US President Donald Trump said Monday he will soon resume his televised coronavirus briefings, signalling a bid to regain control of the message when public dismay at his handling of the pandemic risks sinking his reelection bid.
A fierce surge of COVID-19 case in populous states like Florida and Texas is straining Trump's sunny insistence that the virus will just "disappear" to its breaking point.
Polls show public trust in his management of the crisis plummeting and predict a drubbing by Democratic challenger Joe Biden in the election in just over 100 days.
Trump, a lifelong real estate salesman and more recently reality TV performer, says the real problem is that Americans just aren't hearing the right news.
So probably from Tuesday, he will resume the regular evening televised briefings from the White House that he did until late April -- often finding himself accused of giving confusing or misleading information.
"I think it's a great way to get information out to the public," he told reporters. "We're doing very well in so many different ways."
Trump acknowledged a "big flare-up" of cases across the south and west of the country but once again distanced himself from responsibility for the problem, underlining that the disease is also ravaging "Mexico, Brazil, many countries in Europe, all over, Russia."
"When you watch the news, the local news, and you see it, and it's, it's like all about the United States. They never like to talk about what's going on in the world," he said.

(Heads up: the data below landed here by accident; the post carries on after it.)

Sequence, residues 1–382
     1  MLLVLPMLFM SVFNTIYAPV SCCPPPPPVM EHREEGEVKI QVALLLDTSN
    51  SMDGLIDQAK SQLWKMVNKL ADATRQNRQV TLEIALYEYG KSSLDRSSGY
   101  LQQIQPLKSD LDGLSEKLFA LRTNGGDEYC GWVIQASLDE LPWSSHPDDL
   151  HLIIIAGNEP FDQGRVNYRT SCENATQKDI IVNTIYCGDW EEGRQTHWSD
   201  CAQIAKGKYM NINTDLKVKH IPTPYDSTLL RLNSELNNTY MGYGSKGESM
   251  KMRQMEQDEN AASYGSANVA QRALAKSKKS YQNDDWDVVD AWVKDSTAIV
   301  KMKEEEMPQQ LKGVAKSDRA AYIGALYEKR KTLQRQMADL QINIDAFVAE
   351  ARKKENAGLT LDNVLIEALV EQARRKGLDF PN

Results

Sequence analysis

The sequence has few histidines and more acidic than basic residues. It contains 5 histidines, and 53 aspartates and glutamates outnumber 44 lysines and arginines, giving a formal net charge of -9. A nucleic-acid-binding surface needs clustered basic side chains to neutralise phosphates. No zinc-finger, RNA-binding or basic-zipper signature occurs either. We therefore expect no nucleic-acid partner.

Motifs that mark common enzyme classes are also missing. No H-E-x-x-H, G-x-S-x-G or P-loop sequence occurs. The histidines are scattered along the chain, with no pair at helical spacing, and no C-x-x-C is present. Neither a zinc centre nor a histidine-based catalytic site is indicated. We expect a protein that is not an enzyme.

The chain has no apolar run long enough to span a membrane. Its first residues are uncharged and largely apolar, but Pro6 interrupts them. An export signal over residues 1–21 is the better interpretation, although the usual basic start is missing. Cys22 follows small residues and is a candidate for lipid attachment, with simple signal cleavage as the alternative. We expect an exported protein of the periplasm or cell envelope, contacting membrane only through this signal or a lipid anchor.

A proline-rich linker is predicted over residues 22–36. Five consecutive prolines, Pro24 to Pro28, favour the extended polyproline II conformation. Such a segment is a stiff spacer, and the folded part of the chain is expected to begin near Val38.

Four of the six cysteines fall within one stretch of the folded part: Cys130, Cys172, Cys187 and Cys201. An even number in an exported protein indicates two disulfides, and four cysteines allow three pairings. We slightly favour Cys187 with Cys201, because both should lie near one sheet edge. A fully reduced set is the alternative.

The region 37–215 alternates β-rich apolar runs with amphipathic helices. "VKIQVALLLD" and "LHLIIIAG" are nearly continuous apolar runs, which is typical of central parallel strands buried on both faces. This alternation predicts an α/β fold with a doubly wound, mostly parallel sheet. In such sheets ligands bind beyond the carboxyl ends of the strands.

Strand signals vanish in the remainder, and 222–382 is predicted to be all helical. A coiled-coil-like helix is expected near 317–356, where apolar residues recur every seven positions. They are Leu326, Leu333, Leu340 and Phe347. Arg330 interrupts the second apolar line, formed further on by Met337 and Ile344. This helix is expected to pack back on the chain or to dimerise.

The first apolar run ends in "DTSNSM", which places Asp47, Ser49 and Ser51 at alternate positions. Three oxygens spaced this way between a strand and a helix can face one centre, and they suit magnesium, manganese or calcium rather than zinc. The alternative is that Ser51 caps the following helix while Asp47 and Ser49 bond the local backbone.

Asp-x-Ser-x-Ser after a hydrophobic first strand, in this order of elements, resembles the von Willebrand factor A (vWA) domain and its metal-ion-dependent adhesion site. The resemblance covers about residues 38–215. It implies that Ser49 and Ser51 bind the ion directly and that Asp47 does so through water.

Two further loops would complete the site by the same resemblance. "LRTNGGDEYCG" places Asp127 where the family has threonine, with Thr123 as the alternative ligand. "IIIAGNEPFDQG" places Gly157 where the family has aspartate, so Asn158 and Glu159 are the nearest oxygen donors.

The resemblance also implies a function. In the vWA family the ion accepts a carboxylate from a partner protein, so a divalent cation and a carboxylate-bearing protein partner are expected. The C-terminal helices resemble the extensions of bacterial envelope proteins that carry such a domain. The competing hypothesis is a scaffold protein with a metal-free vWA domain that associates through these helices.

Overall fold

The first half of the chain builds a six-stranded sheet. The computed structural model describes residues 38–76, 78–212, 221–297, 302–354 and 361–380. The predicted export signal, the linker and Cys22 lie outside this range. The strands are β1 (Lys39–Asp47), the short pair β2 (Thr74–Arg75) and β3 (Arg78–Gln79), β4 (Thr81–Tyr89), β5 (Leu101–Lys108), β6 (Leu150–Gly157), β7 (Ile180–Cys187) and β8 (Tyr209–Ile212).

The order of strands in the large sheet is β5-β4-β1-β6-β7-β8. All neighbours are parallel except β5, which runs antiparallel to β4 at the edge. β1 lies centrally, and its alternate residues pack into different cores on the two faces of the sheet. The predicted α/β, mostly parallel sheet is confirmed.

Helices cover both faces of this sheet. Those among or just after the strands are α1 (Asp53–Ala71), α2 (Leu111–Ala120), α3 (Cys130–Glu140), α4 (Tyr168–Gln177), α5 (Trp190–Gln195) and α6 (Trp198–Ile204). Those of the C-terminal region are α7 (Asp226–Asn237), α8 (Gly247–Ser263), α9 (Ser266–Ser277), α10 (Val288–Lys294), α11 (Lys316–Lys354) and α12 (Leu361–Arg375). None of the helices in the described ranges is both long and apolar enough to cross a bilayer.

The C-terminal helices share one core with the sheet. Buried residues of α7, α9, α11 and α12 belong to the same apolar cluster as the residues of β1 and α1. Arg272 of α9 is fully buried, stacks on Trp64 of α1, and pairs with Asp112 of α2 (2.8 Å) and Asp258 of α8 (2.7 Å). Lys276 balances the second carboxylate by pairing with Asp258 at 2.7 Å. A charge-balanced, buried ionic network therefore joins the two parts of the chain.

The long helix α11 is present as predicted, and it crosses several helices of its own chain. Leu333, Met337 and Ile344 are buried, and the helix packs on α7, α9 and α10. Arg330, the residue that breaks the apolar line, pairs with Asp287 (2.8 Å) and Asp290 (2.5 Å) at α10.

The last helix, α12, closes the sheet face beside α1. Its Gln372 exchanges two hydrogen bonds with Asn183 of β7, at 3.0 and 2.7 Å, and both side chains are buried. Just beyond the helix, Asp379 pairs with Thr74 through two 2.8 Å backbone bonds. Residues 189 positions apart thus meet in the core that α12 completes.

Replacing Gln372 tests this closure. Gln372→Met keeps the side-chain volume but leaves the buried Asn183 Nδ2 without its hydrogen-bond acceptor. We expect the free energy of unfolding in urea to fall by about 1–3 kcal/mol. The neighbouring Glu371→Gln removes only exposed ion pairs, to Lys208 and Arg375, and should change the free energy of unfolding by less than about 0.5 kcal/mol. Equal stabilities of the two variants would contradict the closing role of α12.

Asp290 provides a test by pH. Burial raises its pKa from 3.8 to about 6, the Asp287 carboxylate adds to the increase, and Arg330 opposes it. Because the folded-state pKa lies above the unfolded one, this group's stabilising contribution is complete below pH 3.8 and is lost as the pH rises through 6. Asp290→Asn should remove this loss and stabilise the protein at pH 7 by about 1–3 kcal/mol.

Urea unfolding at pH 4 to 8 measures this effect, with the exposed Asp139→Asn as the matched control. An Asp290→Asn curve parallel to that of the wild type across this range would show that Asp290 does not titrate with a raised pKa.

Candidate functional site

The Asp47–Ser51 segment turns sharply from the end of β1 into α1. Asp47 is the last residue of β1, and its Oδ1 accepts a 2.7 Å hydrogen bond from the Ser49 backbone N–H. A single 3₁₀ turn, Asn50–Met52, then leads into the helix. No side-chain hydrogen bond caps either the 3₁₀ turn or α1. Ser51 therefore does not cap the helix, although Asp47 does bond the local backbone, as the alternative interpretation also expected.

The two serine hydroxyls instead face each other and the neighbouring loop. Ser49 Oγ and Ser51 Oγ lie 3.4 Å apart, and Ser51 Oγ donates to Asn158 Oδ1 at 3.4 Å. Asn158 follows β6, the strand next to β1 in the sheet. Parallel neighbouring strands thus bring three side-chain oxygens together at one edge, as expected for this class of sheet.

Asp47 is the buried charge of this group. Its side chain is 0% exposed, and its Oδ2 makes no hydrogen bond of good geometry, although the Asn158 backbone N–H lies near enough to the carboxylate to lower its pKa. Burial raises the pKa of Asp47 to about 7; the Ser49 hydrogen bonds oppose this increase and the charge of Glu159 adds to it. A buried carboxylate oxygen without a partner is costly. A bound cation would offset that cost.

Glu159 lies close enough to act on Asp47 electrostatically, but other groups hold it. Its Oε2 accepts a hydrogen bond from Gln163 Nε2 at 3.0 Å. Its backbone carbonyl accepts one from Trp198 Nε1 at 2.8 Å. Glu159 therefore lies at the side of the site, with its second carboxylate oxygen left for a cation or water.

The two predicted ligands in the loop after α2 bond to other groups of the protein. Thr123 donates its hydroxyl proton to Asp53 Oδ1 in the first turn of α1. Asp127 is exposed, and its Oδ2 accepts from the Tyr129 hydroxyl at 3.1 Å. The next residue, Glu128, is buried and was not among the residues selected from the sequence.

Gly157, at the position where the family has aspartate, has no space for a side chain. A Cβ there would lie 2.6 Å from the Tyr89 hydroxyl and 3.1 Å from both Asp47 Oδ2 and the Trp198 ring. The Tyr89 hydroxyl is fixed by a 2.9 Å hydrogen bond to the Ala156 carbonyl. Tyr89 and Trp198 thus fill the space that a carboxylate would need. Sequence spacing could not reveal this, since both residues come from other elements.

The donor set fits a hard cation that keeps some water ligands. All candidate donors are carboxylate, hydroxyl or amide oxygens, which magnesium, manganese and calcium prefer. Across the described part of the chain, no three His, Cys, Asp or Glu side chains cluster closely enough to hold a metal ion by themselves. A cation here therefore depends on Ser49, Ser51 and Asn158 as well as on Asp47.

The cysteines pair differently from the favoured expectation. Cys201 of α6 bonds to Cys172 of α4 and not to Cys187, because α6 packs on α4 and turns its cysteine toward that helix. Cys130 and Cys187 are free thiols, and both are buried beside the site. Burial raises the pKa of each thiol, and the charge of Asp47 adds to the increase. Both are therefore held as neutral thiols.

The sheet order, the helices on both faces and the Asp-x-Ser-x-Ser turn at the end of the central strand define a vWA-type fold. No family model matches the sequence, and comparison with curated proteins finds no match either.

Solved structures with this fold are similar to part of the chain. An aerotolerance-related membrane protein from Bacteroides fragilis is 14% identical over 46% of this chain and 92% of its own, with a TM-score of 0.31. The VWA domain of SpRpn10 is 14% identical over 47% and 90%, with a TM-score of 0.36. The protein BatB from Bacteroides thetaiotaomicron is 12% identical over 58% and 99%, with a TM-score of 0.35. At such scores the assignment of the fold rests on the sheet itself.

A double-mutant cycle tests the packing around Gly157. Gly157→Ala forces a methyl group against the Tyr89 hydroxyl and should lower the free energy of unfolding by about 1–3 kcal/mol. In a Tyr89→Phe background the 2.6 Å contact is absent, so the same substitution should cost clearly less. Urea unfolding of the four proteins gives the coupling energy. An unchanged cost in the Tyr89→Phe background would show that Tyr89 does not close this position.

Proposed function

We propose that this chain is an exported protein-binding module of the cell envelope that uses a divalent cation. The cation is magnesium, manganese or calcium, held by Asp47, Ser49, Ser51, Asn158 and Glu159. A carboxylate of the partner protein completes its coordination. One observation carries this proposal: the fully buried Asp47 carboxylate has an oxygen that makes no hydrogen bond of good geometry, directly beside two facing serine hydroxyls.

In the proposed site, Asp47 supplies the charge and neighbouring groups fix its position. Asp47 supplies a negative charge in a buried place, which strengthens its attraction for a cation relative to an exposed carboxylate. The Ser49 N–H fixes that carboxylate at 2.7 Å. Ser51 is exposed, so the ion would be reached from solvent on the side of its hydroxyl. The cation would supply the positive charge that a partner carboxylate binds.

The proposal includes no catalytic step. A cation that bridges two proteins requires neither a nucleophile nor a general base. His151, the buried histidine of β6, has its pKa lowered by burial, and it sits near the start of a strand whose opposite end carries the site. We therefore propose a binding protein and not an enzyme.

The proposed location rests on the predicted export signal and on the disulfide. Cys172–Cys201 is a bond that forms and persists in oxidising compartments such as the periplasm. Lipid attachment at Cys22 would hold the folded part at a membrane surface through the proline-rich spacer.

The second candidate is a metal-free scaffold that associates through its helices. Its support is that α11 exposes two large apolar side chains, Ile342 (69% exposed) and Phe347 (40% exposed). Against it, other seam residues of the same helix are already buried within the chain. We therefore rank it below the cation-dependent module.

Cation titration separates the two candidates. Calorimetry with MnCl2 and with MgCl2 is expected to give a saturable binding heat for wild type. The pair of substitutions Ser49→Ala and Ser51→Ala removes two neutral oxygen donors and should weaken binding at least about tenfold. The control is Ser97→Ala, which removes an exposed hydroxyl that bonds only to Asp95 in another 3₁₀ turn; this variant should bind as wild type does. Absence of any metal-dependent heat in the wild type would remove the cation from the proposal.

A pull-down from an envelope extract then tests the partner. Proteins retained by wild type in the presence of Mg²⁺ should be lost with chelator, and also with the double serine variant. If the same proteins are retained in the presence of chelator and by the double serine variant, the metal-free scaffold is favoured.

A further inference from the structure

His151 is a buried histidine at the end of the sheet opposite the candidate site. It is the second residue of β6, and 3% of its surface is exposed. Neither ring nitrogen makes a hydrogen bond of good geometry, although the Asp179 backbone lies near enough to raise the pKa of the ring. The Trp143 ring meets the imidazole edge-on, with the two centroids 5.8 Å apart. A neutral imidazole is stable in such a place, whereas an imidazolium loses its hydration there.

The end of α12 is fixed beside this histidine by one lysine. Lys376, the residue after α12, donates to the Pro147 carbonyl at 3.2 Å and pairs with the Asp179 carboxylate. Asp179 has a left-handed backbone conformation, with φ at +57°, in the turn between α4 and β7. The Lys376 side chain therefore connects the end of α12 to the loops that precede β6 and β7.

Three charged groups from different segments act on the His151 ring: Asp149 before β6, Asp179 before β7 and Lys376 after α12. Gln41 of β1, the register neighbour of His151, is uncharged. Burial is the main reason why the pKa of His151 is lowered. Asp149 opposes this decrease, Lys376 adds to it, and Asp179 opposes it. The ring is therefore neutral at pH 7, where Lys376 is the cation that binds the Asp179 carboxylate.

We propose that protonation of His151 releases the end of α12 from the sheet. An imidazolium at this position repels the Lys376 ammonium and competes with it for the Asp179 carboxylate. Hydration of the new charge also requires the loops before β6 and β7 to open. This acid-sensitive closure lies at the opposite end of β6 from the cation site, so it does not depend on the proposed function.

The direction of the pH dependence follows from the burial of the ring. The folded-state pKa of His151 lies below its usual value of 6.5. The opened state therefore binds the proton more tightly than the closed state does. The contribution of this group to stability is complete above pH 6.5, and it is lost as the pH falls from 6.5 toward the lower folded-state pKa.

Trump said the briefings would focus on good news regarding vaccine development and therapeutics.
"We think we're doing very well in that regard," he said. "I think I'm going to be bringing in some of the great companies that are working very successfully."
"We're really coming up with some very good answers," he said.
- PR fiasco -
Trump has great faith in his ability before the cameras. He has transformed the image of the US presidency during his first term with unprecedented streams of press conferences, tweets and rallies.
But his previous spell as the nation's pandemic-spokesman in chief ended badly in late April.
Trump often turned what were billed as opportunities to provide the anxious public with information into testy exchanges with reporters in the White House briefing room.
He finally ditched the events after a PR fiasco where he mused on air about the possibility of injecting household disinfectant to combat COVID-19.
He later said he had been speaking "sarcastically," although there was no evidence of that at the time.
- Polls slide -
The president has consistently sought to play down the severity of the health crisis, hoping that voters will instead focus on what he touts as his good management of the economy.
In an interview with "Fox News Sunday," he once again claimed that the virus, which has killed more than 140,000 Americans and caused massive economic disruption, would somehow go away by itself.
"I'll be right eventually," he said.
But with the virus on the rebound, he finds himself accused of failing to lead.
Biden has opened a double-digit lead in election polls, and an ABC/ Washington Post poll released Friday showed nearly two-thirds of Americans mistrust Trump on the coronavirus.
Trump, nevertheless, appears to be looking forward to his chance to get back to the briefing room podium.
"We had very successful briefings. I was doing them and we had a lot of people watching, record numbers watching. In the history of cable television, there's never been anything like it," he said.